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"I think the crash has been felt less keenly in the UK because we didn't have so far to fall compared to the US," says Mike Ward, a former BBC journalist, author of the new book Journalism Online and principal lecturer in online journalism at the University of Central Lancashire in Preston, UK.

"Of course, the whole UK picture is distorted by the presence of the BBC," Ward says. "The BBC is a big online player in the UK. It has a guaranteed level of public funding, so is far less vulnerable to market fluctuations. The BBC News Online brand continues to extend its influence internationally. But the corporation is also expanding its regional online operations, with new online centers opening up around the UK -- recession or no recession."

There is good stuff out there, but few people would miss it if it disappeared tomorrow.

One of the world's great newspapers, the Times of London, has a rather drab Web presence, relying chiefly on recycled stories from the print edition and on news agencies for breaking news. Last month word came it would soon begin charging overseas visitors for access to its site. Another paper with global reach, the Financial Times, also made headlines last month by announcing plans to move to a subscription model.

But the newspaper that has made the strongest mark in the online medium has been The Guardian, which has won a wide international following for its original online reports, Web specials, media coverage, multimedia Flash guides to key stories, top-rate weblog and a reasonable range of news audio, nearly unheard of on British newspaper sites.

Another site worth a look is Out There News, based in London, which bills itself as an Internet news agency and makes a virtue of  bypassing the journalist to get right to the news source. The site encourages people to post their experiences in some of the world's biggest news stories. (Check out, for example, the articulate journal of an Afghan describing the miserable conditions in a refugee camp in Pakistan, and the meaty reader discussion boards.) Out There News gave video recorders to farmers during last year's outbreak of foot and mouth disease among livestock so they could post their experiences on the site. The result is a refreshing, engaging counterpoint to some of the formulaic news treatments of the mainstream media, particularly television.

Danny O'Brien, editor of the cheeky Need to Know and one of OJR's 50 International Names to Know says, "This may be a misperception, but I think that journalism in general is seen as much less of a profession in the UK than in the US. There are few journalism schools, courses or professional requirements over here. That has its positive side: Journalists in general are often more freewheeling and given more leeway to be creative. On the negative side: If all the facts are right in a British newspaper article, it's either because we're scared of a libel case, or it's a fluke.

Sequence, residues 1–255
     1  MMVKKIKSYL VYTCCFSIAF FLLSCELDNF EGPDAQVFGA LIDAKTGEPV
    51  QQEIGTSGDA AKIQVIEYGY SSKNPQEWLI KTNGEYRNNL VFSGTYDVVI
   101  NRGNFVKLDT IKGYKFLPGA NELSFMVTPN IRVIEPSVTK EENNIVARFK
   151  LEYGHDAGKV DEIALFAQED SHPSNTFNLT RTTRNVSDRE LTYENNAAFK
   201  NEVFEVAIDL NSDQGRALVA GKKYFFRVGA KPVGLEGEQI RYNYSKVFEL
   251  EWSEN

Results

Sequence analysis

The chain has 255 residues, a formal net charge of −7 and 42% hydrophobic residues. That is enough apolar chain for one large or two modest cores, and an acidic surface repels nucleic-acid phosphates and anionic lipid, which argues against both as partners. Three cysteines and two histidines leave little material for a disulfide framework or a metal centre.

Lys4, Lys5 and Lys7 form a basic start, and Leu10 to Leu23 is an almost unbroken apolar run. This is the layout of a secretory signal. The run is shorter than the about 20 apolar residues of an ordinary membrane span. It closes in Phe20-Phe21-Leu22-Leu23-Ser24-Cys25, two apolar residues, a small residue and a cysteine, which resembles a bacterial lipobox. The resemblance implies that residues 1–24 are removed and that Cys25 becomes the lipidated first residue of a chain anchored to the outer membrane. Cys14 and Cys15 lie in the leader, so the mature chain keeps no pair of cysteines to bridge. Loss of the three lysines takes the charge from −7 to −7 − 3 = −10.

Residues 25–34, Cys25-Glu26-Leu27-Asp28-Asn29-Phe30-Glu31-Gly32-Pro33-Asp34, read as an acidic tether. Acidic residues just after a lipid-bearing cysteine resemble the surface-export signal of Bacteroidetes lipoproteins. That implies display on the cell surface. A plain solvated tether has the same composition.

"I think this plays into the online journalism field here a great deal. There were very few purely journalistic plays in the brief dotcom boom here. The ones that did prevail were almost accidental, gathering success from the fact that their creators weren't quite as hidebound as the US press, and weren't desperate to gather as large an audience as possible because they were funding it themselves as an entertaining side project. The Register (an online IT publication) is the obvious pick here." 

Bill Thompson, a freelance journalist and broadcaster and a visiting lecturer in the Journalism school at City University, London, says the economic downturn has slowed expansion plans for new media in the United Kingdom but hasn't been too disruptive. "There are few pure online writers over here, with most Web content coming from the Web operations of print publications or broadcasters. As a result, fewer journalists depend on online for their income, and that makes the situation a bit calmer than it was at the height of e-zine fever three years ago.

"Perhaps because the infrastructure has never been adequate -- and over 90 percent of UK home users still have dial-up connections -- online journalism over here has rarely stretched the capabilities of the technology," he adds. "The good side of this has been a focus on good writing and solid journalism; the downside has been a failure to innovate, which has left online news sites peripheral in most people's lives. There is good stuff out there, but few people would miss it if it disappeared tomorrow."

Noteworthy sites

BBC News Online
Media Guardian
Out There News

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